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SAC Capital Shouldn’t Receive Tax Windfall for Insider Trading and Securities Fraud

Taxpayers Could Shoulder a $350 Million Hidden Tax Subsidy Unless Agencies Prevent It
For Immediate Release

Statement by Francisco Enriquez, U.S. Public Interest Research Group Tax and Budget Associate, on the $1 billion settlement related to civil and criminal allegations that SAC Capital Advisors is reportedly discussing with the SEC and other federal agencies.

“In their effort to hold SAC Capital accountable for insider trading that was, according to the indictment, ‘substantial, pervasive, and on a scale without known precedent in the hedge fund industry,’ the SEC and other federal agencies must also protect taxpayers by ensuring that the firm does not receive a massive tax windfall for its wrongdoing. Unless regulators explicitly forbid SAC Capital from writing off a $1 billion settlement as a tax deduction, taxpayers could end up indirectly shouldering 35 percent of the cost of the settlement.

“Allowing companies to write off the cost of their settlement agreements dilutes the effectiveness of federal law enforcement.  Just in March, SAC Capital settled with the SEC for $600 million for separate charges related to an insider trading scheme involving a clinical trial for an Alzheimer’s drug being jointly developed by two pharmaceutical companies.

“Companies won’t learn that crime doesn’t pay so long as taxpayers pick up the tab for their legal settlements.

“Federal law forbids companies from deducting public fines and penalties from their taxes, but payments made as part of a settlement are treated differently. Companies that negotiate penalties through a legal settlement typically manage to deduct these penalties as a tax write-off. In essence, companies are allowed to receive a tax subsidy for their wrongdoing.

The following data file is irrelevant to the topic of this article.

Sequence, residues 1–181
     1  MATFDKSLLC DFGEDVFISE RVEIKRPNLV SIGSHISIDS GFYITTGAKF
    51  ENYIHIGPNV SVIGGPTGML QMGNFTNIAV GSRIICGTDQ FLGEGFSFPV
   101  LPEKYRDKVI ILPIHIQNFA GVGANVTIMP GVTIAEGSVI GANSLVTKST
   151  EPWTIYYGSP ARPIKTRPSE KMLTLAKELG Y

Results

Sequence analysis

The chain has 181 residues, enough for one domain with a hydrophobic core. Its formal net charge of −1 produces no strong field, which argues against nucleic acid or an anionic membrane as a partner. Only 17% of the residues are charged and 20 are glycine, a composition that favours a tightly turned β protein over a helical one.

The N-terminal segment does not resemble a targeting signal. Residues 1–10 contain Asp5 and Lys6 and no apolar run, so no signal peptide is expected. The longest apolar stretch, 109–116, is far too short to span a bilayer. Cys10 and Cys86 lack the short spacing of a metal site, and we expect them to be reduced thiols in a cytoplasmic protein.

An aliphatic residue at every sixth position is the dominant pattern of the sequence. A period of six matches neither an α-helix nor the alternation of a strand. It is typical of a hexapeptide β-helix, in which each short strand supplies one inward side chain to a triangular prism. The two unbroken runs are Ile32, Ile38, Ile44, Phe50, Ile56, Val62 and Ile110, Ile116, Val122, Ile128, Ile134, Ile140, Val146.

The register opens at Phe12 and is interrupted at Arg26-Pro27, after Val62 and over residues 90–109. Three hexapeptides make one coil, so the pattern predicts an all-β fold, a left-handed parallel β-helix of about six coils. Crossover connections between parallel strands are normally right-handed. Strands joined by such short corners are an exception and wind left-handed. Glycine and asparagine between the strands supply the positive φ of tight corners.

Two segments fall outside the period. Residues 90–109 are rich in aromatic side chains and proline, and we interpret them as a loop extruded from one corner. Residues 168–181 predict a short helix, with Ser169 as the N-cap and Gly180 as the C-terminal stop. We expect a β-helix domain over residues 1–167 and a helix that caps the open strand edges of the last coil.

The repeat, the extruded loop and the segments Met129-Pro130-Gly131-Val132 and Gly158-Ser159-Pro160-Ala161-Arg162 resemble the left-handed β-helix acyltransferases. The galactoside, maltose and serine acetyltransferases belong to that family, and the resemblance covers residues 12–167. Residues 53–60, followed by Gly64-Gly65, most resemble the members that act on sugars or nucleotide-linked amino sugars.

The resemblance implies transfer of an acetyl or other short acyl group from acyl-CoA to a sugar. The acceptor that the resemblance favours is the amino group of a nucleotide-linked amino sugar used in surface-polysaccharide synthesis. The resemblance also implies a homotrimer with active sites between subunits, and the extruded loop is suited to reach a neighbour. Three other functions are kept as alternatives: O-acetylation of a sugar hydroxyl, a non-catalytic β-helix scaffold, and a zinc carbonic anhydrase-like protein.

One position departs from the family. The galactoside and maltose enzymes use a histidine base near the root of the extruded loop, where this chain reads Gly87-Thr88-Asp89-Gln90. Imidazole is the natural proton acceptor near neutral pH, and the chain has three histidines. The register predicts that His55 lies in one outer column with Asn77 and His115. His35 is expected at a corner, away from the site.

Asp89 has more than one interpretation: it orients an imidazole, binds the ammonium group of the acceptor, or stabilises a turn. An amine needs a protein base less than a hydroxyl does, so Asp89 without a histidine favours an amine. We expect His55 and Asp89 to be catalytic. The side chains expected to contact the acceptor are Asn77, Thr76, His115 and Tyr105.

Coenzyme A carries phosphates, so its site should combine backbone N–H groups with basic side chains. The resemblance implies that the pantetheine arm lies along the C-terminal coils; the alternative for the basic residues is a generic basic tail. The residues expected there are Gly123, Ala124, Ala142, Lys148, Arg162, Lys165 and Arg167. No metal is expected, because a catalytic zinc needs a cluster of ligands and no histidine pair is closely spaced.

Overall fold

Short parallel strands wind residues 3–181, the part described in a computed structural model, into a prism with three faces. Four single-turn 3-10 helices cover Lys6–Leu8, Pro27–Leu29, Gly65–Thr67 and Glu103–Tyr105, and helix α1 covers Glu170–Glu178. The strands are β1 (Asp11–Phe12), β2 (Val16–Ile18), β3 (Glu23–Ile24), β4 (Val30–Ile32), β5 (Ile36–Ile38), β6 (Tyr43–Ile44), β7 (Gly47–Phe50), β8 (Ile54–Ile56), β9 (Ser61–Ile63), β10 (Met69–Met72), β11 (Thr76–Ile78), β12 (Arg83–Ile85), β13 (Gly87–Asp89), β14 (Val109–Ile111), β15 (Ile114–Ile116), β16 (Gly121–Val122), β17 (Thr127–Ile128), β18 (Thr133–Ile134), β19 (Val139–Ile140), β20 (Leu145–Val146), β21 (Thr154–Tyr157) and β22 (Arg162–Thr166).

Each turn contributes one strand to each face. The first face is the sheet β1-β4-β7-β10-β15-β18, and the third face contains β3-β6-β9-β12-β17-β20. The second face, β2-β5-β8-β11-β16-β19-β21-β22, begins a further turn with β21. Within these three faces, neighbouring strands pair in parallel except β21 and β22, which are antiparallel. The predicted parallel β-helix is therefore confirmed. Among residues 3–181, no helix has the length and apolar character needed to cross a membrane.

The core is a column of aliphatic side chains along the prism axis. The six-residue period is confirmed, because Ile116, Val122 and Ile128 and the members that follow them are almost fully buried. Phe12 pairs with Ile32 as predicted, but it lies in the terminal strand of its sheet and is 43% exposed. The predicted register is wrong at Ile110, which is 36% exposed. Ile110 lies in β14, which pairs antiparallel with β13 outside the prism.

“Agencies must be explicit about prohibiting the write-off, as the SEC did with Goldman Sachs in 2010 and the EPA and State Department typically do.

“When corporations deduct their settlement costs by treating them as an ‘ordinary and necessary’ cost of doing business, ordinary Americans are left to pick up the tab. Every dollar that companies write off must be paid for through cuts to public programs, higher taxes or more government debt.  That is unacceptable.

“Congress should close the settlement loophole to stop corporations like SAC Capital from ripping off the American taxpayer.”

You can read U.S. PIRG’s report on the tax implications of legal settlements, “Subsidizing Bad Behavior: How Corporate Legal Settlements for Harming the Public Become Lucrative Tax Write-Offs.”

U.S. PIRG’s research and analysis of legal settlements has been featured in the New York Times, the Washington Post, and the Associated Press.

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